Review: Skylanders Giants

SkylandersGiants

Skylanders Giants is the videogame equivalent of one of those hustlers fronting a three-card monte operation on a New York street corner. As you stand there watching exactly how you’re totally being taken, you can’t help but admire the speed and expert design by which it’s all happening.

The difference is that Giants doesn’t deal in quickly flipped cards and your spare five-dollar bills; it offers cute collectible figures at $10-15 a pop and then serves up a game that all but forces you to buy a stack of them to enjoy the full experience.

Because of that irresistible collect-‘em-all vibe, Skylanders: Spyro’s Adventure was at once a colorful wonderland for tech-loving kids, the bane of some parents’ existence and one of 2011’s surprise sales-figure champions. Given that Activision never met a franchise it didn’t want to ride into the ground like the second coming of Secretariat, it’s not at all surprising to see the sequel appearing a mere year later. Hell, the massive surplus of original Skylanders figures hasn’t even been discounted out of your local Target and Toys R Us yet.

And that’s okay, because the figures you amassed last year are fortunately compatible with the new 16-chapter adventure offered up in Skylanders Giants. (The Giants, obviously, aren’t compatible with Spyro’s Adventure.) The action revolves around the history of how the new Giants, eight new oversized and powerful figures, were separated from their teenier brethren by the mists of time. Mostly, it’s just a new and inviting excuse to tool around a new set of colorful environments, smashing everything in sight and pummeling on Kaos some more. Four of the eight Giants have yet to debut at retail.

They certainly look impressive, with their “lightcore” technology that filters the light from the no-longer wireless Portal of Power up through the figure, illuminating eyes, jewels and weaponry. They play pretty well, too. As you’d expect, they’re more powerful than your standard Skylander in the game—they can heft and hurl boulders, reveal hidden areas by pounding the ground and pummel boss monsters in ten seconds or less. Appropriately, they’re also plodding as hell. Don’t make the mistake of thinking you’re going to ace a timed hero challenge with T.Rex, the woodsy Giant who comes packed in the starter set.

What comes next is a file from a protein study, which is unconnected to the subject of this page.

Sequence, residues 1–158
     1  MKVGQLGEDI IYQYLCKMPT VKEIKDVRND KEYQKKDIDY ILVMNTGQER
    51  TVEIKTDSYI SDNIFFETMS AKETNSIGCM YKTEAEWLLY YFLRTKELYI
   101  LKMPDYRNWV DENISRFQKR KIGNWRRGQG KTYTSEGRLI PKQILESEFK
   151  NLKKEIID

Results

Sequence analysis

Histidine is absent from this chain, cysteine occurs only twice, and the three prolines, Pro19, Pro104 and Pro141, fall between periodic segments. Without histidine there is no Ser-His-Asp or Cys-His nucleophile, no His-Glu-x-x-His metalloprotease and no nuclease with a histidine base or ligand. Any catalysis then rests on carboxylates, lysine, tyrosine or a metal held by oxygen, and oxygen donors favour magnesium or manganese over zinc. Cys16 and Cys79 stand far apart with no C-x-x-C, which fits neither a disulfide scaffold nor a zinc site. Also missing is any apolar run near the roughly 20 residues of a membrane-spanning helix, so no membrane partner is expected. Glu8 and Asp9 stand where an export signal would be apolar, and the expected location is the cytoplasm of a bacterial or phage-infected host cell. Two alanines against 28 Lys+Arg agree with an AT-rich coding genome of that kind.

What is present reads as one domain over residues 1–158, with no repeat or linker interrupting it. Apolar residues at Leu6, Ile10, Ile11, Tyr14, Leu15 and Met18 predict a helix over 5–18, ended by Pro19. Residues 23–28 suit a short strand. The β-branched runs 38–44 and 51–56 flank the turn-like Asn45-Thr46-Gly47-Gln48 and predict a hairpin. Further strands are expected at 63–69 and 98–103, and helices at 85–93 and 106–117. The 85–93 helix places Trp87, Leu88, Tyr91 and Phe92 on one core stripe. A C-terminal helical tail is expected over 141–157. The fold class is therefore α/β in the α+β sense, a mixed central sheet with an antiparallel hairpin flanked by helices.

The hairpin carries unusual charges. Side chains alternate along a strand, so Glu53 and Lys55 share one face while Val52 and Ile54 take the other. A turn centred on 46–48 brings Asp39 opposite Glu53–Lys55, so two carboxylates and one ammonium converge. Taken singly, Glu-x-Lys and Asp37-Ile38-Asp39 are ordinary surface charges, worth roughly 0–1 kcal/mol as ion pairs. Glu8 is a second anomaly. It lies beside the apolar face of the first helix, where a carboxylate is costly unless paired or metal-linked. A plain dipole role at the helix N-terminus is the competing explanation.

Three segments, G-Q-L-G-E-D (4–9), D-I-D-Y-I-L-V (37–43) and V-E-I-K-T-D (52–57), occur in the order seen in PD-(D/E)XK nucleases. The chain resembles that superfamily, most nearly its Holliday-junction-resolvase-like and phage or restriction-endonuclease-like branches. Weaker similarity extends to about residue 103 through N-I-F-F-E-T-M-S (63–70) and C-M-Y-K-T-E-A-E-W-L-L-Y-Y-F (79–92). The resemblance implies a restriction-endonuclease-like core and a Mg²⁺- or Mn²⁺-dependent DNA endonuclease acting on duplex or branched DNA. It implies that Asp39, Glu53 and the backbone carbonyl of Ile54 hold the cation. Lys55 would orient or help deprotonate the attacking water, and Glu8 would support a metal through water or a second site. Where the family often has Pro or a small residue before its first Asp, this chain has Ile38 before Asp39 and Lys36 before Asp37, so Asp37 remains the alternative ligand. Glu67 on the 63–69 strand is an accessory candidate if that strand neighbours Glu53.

The Portal of Power mechanic is as amazing as it ever was. I’m still awed that Activision managed to make these collectible figures non-platform specific—that’ a stroke of genius that ensures Wii and 360 kids can always play co-op or versus together. It seems to work smoother with Giants as well—none of the jerks and hiccups in gameplay that sometimes accompanied rapid character switches in Spyro’s Adventure. Even with copious amounts of jump pads sprinkled throughout the game’s environment, it’s still jarring that none of the Skylanders can jump. (Shades of the original GoldenEye!)

Other touches seem baldly capitalistic, like the fact that more than half of the 48 “new” figures are actually familiar characters with new poses. Sure, the lightcore versions of these figures look extra cool when they’re camped on the Portal of Power, but if you already own Stealth Elf, it’s not like her lightcore variant unlocks a new section of gameplay—it’s just another version for completists to add to the shelf alongside your basic and legendary versions. It’s easy to imagine how another 6-10 months of development could have yielded a full roster of new and interesting Skylanders. Clearly, that didn’t fit the Holiday 2012 business plan.

The game’s soul gems, meanwhile, are just plain insidious. As before, every one you find unlocks an in-game commercial for a character you probably don’t yet own. And just like that, ShroomBoom isn’t a dopey dude with a slingshot; he’s a gotta-have addition to your collection. Cha-ching.

Younger gamers, the ones who make up Giants primary target audience, aren’t likely to care about these things. Neither will the parents who sit down and play a few co-op levels with them—when you get right down to it, Skylanders remains one of the best ways to experience that addictive Diablo vibe with your children (or on your own) sans splashes of blood and half-clad demonic succubi.

Still, every one of Activision’s franchises eventually hits a tipping point, that magic moment where it either has to evolve and offer something different (think Call of Duty: Black Ops II) or face inevitable development extinction (think Guitar and DJ Hero). Skylanders Giants doesn’t quite reach that point, but unless there’s a major overhaul of the gameplay and presentation, the next entry in the series likely will.

TryIt

Pros:
+ RPG-lite gameplay formula remains entertaining
+ New Giant figures add an entertaining new wrinkle to the mix
+ Lightcore figures look awesome

Cons:
– Not a lot of innovation
– New figure series features a ton of new poses for figures you probably already own
– Um, why can’t we jump?

Game Info:
Platform: Reviewed on Xbox 360, also available for Nintendo 3DS, Nintendo Wii/Wii U and PS3
Publisher: Activision
Developer: Toys for Bob/Vicarious Visions/n-Space
Release Date: 10/21/2012
Genre: RPG
ESRB Rating: E10+
Players: 1-2
Source: Review copy provided by publisher

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About the Author

Aaron R. Conklin has been writing about games and games culture for more than 15 years. A former contributor to Computer Games Magazine and Massive Magazine, his writing has appeared on IGN.com and in newspapers and alt-weeklies across the country. Conklin's an unapologetic Minnesota sports fan living in Madison, Wisconsin, home of the Midwest's most underrated gaming vibe.